There needs to exist some form of internal resource to be available for proper briefing, checking, direction, and approval of agency work as part of the management process. Not to mention the relationship building required for a successful partnership!
Of course a great agency needs to be empowered enough to take as much off your plate for you as possible, so by no means do we want to insinuate that agency management is an arduous task, but the best relationships come from work put in from both sides.
Bandwidth to manage your partners is one type of resource required for working with an agency. Let's not overlook having the actual funds available to pay them as the other resource required.
A basic requirement of a business contract entails the exchange of goods or services in exchange for payment. (Unless the agreement is pro-bono). The budget allocation needs to be clearly communicated upfront, including the agreed agency service fee, before any bills are raised or nasty surprises are encountered.
Whether the business is funded via profits from revenue generation, external investors like VCs, or a government grant - don't rush in to signing agreements until the money is in your account and you know you can keep your word. Payment for services provided is non-negotiable.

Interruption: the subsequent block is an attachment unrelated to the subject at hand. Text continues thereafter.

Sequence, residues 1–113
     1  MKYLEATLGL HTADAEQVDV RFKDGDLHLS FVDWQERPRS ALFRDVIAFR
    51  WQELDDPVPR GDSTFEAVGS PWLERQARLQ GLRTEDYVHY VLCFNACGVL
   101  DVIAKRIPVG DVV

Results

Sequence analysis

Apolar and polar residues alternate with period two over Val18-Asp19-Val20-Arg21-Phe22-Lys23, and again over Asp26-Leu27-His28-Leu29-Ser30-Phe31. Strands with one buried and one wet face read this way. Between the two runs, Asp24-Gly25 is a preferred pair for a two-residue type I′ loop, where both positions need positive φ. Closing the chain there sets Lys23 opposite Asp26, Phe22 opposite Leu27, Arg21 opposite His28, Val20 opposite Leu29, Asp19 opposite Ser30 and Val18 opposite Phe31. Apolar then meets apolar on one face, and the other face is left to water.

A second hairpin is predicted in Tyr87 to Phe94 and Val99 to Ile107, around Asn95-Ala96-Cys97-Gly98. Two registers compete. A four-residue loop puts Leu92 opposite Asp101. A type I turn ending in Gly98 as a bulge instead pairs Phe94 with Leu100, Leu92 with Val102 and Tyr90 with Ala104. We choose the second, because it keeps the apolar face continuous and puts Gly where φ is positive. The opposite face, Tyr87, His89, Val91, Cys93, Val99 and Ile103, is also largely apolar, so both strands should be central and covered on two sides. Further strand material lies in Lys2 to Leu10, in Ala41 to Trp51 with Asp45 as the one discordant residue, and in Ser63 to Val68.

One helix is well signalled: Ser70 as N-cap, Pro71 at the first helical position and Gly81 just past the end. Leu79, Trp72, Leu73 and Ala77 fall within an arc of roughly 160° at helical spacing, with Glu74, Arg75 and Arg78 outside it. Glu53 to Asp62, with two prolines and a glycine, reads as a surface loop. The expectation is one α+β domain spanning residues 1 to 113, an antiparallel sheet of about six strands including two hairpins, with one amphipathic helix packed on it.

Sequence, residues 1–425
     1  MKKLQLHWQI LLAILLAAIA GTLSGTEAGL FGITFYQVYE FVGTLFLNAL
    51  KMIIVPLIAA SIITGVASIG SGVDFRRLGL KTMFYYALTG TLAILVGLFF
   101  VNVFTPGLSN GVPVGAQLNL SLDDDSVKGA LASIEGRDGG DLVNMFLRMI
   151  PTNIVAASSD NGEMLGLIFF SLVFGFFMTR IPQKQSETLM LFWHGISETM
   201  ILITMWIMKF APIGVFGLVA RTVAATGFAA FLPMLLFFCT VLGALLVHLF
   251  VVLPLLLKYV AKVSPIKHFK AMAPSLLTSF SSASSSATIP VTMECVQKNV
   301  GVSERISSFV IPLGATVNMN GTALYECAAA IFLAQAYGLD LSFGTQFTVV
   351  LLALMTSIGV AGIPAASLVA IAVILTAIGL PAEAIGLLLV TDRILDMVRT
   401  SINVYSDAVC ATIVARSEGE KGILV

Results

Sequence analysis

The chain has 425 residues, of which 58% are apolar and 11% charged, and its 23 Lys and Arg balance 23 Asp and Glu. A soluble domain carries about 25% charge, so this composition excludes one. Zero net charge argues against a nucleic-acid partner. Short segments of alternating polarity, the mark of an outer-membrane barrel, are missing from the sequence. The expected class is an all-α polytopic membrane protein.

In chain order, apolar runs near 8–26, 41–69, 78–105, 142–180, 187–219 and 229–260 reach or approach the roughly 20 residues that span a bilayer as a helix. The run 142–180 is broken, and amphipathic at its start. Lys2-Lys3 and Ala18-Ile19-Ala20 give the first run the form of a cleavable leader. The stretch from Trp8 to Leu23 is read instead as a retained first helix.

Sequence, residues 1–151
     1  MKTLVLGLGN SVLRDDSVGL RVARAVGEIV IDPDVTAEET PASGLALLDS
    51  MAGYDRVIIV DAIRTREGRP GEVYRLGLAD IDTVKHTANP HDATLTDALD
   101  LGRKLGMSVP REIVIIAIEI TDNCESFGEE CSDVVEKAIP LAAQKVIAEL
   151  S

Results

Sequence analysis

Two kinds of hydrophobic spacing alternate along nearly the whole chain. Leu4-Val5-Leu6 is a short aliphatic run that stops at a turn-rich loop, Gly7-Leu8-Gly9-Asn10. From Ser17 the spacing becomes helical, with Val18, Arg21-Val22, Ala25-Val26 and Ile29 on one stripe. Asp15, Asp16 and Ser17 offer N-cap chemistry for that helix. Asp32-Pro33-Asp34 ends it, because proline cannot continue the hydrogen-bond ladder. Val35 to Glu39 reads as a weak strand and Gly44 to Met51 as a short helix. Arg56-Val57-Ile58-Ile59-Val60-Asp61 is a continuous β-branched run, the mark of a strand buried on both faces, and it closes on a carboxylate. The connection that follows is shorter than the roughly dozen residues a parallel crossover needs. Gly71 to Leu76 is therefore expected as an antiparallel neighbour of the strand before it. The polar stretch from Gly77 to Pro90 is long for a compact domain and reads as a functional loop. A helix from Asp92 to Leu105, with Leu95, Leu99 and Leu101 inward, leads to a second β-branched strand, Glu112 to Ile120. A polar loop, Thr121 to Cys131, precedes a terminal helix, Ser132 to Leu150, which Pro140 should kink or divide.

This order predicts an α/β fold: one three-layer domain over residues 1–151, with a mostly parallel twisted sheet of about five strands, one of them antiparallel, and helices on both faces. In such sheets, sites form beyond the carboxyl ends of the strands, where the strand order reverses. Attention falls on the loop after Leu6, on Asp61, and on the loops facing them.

3. Do you have the tools or systems in place to empower an agency partner?
The overall operations of your business should run like a well-oiled machine. (We say "should" as of course we are very familiar with the realities of fast-paced, high-growth businesses!) But certain systems - be they operational guidance docs or tech programmes - are ideally in place so that when a new agency partner onboards, they seamlessly and nicely slot straight in.
Your new agency partner will require some level of onboarding or immersion at the very beginning - to understand who's who in the team, familiarise with ways of working, and of course to better understand the business (including the core value proposition, the mission/vision of the company, the brand, and what's worked/what hasn't before).